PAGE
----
New York: Morrow, 1965.
Kemal Atatürk, the founder of the modern Republic of Turkey, is an intriguing figure in early 20th century history. A brilliant military tactician, deep thinker, charismatic leader, democrat, lover of western culture, demagogue, dictator, womanizer, and alcoholic, this man is an enigma to many and worshipped by his followers. This book traces his life from his birth in Selanik (modern-day Thessalonica), to his death, painting an accurate, unflattering picture both of Atatürk and of the day and age he lived in.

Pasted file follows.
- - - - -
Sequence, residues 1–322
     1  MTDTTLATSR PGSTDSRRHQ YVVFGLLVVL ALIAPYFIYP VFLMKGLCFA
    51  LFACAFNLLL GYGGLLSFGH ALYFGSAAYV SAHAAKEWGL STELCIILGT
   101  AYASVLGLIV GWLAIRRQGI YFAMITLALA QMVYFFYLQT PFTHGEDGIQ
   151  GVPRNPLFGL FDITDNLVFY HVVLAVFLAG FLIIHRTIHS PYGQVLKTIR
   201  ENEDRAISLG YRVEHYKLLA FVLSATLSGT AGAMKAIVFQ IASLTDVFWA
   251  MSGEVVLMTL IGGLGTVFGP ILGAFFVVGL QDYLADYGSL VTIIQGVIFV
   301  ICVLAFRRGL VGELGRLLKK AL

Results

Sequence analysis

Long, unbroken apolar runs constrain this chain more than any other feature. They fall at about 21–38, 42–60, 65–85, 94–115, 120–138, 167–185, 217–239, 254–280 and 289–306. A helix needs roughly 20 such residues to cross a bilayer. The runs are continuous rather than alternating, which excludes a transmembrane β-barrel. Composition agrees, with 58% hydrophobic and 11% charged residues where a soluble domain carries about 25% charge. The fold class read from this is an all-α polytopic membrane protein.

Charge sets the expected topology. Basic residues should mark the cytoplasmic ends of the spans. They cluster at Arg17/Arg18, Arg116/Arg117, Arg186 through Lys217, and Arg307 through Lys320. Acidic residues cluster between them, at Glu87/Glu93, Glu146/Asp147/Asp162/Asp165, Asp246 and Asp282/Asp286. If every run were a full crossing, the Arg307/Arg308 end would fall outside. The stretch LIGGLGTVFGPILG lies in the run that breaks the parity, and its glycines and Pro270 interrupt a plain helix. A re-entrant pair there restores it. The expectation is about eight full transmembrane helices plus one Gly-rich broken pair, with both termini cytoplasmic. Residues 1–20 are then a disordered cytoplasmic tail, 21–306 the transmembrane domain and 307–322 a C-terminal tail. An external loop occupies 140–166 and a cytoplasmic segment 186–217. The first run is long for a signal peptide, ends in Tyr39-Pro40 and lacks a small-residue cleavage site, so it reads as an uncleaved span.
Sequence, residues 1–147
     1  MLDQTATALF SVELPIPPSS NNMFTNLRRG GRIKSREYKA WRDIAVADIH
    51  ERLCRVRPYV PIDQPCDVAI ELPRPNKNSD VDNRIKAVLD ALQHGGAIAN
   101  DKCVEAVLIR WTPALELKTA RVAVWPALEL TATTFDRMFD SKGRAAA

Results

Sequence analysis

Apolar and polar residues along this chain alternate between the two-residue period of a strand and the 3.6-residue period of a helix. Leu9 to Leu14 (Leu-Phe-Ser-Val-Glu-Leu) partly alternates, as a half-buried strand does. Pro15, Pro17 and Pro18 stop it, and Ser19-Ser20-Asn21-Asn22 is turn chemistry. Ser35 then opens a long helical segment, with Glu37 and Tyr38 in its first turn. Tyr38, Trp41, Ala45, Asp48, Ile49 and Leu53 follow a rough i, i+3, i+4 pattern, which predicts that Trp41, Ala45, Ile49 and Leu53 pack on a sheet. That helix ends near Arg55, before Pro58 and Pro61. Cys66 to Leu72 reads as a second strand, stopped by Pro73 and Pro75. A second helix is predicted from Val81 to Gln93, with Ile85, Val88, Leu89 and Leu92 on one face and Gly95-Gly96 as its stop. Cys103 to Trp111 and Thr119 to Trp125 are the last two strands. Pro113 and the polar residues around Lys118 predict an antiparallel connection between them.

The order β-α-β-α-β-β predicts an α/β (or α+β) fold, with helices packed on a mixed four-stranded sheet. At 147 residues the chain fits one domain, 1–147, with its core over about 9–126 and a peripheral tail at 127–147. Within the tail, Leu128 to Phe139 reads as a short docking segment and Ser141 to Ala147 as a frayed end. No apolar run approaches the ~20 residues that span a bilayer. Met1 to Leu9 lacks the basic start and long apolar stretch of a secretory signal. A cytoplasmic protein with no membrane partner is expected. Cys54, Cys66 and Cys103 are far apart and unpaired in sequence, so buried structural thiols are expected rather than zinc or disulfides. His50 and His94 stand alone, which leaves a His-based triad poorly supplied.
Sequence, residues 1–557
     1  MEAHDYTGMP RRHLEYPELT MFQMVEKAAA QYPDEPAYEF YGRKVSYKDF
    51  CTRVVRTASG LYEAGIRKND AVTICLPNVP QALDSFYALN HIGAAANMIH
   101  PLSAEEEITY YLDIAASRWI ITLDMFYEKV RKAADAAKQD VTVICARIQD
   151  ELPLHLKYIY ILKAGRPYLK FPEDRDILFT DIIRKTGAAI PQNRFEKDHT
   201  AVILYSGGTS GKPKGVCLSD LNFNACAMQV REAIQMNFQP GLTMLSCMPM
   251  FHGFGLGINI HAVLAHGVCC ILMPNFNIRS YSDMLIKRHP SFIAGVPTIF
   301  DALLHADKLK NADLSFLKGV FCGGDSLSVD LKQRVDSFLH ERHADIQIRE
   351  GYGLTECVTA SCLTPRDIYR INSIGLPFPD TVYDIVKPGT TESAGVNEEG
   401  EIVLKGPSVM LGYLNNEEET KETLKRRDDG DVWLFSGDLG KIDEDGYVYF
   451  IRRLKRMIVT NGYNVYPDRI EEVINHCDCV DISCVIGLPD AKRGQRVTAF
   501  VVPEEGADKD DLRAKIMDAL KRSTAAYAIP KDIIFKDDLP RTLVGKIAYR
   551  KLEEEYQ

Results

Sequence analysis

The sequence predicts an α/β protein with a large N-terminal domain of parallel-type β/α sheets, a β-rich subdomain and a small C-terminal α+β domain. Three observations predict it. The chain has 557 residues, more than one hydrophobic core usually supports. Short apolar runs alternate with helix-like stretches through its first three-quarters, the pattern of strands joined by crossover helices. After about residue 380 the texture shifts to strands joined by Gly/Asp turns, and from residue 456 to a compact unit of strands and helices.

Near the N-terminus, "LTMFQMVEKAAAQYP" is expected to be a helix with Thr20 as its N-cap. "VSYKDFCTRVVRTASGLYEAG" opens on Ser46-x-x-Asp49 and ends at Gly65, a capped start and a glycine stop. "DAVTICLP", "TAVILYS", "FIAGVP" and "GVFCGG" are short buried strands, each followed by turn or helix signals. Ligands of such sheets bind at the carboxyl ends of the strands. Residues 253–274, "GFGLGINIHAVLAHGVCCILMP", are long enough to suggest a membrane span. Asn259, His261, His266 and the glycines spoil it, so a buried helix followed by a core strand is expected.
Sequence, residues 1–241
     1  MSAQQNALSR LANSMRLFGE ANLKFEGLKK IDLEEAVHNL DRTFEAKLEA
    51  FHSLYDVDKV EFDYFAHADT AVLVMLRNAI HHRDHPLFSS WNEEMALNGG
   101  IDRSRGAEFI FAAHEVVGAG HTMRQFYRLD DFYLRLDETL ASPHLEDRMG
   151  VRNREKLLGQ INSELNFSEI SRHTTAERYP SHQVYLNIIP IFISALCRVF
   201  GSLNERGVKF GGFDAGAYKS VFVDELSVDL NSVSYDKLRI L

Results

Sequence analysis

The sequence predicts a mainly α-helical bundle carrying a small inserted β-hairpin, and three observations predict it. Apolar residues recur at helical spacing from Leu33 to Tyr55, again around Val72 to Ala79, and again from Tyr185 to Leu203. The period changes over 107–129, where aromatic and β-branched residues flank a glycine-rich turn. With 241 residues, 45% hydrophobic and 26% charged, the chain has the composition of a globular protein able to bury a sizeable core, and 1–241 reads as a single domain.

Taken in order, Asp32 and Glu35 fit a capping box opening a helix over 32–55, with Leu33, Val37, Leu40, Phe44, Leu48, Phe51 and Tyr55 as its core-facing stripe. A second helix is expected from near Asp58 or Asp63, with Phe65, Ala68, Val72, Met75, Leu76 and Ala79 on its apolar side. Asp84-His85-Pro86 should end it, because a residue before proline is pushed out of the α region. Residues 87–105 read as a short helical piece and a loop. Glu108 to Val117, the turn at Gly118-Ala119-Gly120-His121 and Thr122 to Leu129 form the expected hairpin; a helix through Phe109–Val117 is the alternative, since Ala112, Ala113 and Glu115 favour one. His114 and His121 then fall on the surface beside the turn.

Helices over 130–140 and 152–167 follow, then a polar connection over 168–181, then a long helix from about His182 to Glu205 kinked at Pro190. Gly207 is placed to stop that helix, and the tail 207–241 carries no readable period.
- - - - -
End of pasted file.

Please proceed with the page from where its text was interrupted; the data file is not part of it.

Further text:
Lord Kinross’ understated English style is perfect for capturing such a magnificent historical figure as Atatürk. It’s a pity that it is not quite as widely read today, as it unlocks both the life of Kemal Atatürk, as well as the background to the reason the Turkish Republic is what it is today. For anyone interested in modern middle-eastern history, this is a must-read, and for those who like a good autobiography, it is an excellent choice, too. This book should foster a greater respect for Atatürk, both inspiring and sobering the reader by what kind of a man he was. Unfortunately, it’s out of print, but should be available through used book sellers or the inter-library loan program of your local library.